It is hard to believe that it was almost ten years ago I witnessed a CNC router in action for the very first time. I was fascinated and simply had to have one! Although I had been in the creative end of the three dimensional sign business for most of my life I didn't really know what I would do with one of these machines - but I just knew it could do fantastic stuff.

Along with the CNC router I discovered the wonderful material called Precision Board and the glues, primers and other companion products they offer. Since then we have gone through many tons of the material using it in most signs and projects we tackle. This journal will chronicle our many adventures both past, present and future. I'll talk from the perspective of someone who pushes these products to the creative limit on a daily basis. I'll be adding to the stories two or three times each week. -dan

Friday, October 19, 2012

Fifty ways to build a relief - part one

During my recent vacation I had plenty of time to think about things I would like to talk about in the future. Visiting Disneyland sure fired up my imagination. But one of the things I have decided to do is go back to the start and go over all the basics of building files. I'll use the same beginning vectors and over the next series of posts use every possible way I can think of to build the file and in the process create many effects.

I encourage those who are looking to learn the 3D aspects of the software to create a similar vector file and try thing out for yourself. Hopefully you will become more familiar with the virtually unlimited things that are possible.

As we get into the more complex files I'll tool path a few of them and fire up the MultiCam. Then I'll take these through the paint process to review all those techniques we use in our shop as well.  For those who know all this stuff, well, it will be good review.

So let's get started...

The other day I was driving to town and I saw a decal on the back window of a truck of this fish. I took note and drew it as I remembered when I got home. It is a nice simple image that will allow us to see things that happen as I play with the software controls. I added the oval shape as a last step.

The first thing I did was to create a flat relief. Mine measured 0.5" tall but you can use any number that you like here. If you look at the input box the angle measures 45 degrees. Since we are creating a flat relief this number does not matter. Just ignore it.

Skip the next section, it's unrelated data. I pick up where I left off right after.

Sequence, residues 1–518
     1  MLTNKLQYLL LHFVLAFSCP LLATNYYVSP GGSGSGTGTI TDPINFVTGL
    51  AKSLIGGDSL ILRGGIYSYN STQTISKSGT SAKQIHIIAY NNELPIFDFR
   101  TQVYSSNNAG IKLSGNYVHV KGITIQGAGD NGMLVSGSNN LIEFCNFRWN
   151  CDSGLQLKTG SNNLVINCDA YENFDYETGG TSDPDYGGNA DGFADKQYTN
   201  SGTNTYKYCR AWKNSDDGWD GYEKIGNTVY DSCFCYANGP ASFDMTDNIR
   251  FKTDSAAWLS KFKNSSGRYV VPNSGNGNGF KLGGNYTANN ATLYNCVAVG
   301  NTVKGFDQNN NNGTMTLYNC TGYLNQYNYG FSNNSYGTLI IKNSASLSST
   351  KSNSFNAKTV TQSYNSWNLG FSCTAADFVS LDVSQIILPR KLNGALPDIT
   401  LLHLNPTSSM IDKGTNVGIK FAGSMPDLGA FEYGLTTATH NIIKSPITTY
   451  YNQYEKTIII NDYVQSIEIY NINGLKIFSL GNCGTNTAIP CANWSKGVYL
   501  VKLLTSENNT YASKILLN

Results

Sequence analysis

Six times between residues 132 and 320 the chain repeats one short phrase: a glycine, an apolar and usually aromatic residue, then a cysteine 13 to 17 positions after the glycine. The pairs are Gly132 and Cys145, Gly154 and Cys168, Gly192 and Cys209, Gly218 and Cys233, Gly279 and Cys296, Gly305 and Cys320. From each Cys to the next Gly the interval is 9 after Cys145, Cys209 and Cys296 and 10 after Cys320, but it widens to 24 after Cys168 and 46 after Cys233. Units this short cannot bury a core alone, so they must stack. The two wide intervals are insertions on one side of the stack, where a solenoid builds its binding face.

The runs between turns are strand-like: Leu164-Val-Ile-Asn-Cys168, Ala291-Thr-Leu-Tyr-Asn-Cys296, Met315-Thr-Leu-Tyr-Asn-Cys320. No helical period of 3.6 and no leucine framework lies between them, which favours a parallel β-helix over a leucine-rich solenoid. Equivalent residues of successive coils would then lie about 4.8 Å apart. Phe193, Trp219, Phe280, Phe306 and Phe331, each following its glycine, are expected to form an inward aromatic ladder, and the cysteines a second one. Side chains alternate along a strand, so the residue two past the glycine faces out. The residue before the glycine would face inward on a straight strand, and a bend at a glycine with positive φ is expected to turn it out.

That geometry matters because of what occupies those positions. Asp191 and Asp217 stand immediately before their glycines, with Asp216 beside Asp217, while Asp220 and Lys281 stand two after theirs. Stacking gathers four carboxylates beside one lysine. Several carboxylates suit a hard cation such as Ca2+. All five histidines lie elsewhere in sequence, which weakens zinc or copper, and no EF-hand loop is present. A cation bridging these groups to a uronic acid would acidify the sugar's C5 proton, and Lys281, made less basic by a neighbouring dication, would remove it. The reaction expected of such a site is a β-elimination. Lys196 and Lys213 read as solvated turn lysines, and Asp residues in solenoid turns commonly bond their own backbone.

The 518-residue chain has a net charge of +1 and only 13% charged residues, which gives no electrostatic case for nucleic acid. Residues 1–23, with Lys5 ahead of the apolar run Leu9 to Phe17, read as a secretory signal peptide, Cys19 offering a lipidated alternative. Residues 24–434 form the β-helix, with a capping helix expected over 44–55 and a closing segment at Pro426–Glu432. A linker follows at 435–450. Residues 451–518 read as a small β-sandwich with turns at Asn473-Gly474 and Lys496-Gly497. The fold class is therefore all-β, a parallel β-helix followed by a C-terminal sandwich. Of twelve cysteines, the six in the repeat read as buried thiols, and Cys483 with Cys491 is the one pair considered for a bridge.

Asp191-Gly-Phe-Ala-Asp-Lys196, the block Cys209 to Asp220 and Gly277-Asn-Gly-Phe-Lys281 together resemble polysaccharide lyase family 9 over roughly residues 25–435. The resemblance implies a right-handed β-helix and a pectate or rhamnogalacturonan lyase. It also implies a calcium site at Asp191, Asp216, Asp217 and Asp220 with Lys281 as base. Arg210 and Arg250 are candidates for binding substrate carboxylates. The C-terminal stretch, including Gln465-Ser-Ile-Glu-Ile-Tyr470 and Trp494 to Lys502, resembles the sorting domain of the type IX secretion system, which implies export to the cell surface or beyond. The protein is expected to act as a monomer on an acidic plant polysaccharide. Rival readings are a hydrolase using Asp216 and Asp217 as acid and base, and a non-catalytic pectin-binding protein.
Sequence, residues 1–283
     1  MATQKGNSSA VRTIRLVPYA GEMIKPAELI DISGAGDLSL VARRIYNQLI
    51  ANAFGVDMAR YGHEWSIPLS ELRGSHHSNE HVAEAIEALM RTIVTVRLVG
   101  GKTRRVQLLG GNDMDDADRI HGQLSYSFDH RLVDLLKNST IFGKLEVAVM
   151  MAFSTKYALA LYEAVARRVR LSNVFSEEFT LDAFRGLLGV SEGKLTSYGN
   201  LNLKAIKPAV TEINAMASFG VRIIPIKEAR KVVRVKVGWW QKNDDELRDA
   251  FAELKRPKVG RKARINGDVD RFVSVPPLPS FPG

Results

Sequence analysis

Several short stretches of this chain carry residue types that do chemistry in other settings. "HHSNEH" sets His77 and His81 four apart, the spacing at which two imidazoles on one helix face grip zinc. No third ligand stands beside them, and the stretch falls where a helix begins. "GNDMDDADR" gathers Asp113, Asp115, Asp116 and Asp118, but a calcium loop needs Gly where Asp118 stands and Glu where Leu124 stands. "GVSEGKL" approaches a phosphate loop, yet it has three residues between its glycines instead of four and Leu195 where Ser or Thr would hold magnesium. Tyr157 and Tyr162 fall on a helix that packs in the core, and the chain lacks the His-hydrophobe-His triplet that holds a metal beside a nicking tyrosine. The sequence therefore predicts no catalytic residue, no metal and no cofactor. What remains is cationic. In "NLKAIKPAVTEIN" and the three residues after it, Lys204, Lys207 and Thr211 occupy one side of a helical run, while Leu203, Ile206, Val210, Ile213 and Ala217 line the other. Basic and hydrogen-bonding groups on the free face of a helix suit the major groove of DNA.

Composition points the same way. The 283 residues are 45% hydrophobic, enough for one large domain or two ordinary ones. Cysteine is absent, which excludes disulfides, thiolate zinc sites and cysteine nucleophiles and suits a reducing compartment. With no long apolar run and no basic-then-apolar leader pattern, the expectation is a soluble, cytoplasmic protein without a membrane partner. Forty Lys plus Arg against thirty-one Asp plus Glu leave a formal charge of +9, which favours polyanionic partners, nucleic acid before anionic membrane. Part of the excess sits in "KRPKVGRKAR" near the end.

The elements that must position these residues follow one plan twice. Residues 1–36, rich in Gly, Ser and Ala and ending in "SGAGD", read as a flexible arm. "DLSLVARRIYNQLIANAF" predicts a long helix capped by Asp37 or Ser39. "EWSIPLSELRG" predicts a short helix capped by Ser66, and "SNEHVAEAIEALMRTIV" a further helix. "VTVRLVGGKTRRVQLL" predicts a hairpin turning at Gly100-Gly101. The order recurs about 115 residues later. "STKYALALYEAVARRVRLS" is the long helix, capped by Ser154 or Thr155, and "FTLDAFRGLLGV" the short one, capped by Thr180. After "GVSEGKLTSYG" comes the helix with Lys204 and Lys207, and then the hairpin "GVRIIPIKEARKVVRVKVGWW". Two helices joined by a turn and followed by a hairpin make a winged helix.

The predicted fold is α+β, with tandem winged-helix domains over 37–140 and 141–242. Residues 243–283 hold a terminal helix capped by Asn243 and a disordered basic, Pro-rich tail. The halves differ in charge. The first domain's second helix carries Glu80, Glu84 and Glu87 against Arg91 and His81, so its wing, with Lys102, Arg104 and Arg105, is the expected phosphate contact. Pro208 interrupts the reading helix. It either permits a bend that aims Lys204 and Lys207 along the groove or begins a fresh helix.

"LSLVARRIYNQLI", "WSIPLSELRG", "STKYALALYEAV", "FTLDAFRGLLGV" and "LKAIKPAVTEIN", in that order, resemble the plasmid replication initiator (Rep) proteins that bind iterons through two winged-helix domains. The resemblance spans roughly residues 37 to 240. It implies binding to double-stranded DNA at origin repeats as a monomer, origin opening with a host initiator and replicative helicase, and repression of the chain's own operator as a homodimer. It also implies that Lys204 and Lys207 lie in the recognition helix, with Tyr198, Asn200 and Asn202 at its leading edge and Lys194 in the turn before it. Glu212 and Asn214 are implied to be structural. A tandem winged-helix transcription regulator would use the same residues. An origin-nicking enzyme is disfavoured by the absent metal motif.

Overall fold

After I hit the apply button the screen image looks like this. There was a grey dot pattern over the relief area. It proves we now have a relief but there isn't much to show us what happened - at least not in the top view.

To see what happened I hit the render button. It has a light bulb icon on it.

The next step is to select both the relief we just created and the modifier - in this case the fish. The relief we just created will be modified - governed by the shape of the vector modifier. I used the add button along with the flat relief button. As a value I entered 0.5" meaning the fish shape should be raised from he relief by 0.5". Then I hit apply. The screen image did not change visually.

But when I hit the render button it instantly became apparent what I had done. But one piece of information was missing...  How high had I raised the fish shape?

To answer that question I double clicked the top view button which then changed my view to top, front, side and a 3/4 render.  By double clicking on that view I could better see what had happened. This is important. You need to check this view to make sure everything is done, before you go onto next steps that can't be done.

That concluded our first exercise. For the next version I again created a flat relief. This time I selected the SUBTRACT FROM button along with the base relief AND the fish vectors to drop the fish INTO the flat relief.  The top rendering does not look a whole lot different from the first version.

In the 3/4 view what I did becomes readily apparent. The fish is sunk into the base relief. Using the render view is critical to continually check what happened as you work. In doing so one can learn much faster than not using it.

For my third version of the fish I first created an oval dome shape. In this case I selected the dome tool. The base measurement (the distance the relief comes straight up before it angles off on the face) was 0.2"  The angle determines how steep the start angle is to be.  I know from experience (doing this over and over) that 18 degrees would be cool for this shape.

When I render the relief the dome shape is readily apparent.

Once more I wanted to add the fish shape to the base relief so I selected both the base relief and the modifying vector. I made sure the flat button was pushed and added a value of 0.3" to determine how much the fish would stick out from the dome shape. After I had applied the modification I hit the render button (light bulb)

Then I double clicked the blue top view button (top left) to get my 3/4 render. It looked just like I expected it to.

At this point if you are just beginning your head is most likely just about ready to explode.  My advice is to try these steps over about twenty times to drill these steps into your brain and make you familiar with what happened each time. If something different shows up when you render then you did something wrong. Don't sweat it if things go awry.... that's how we learn.

Have fun with this and learn it for next time I'll up the ante a little, get a little fancier and build on this lesson.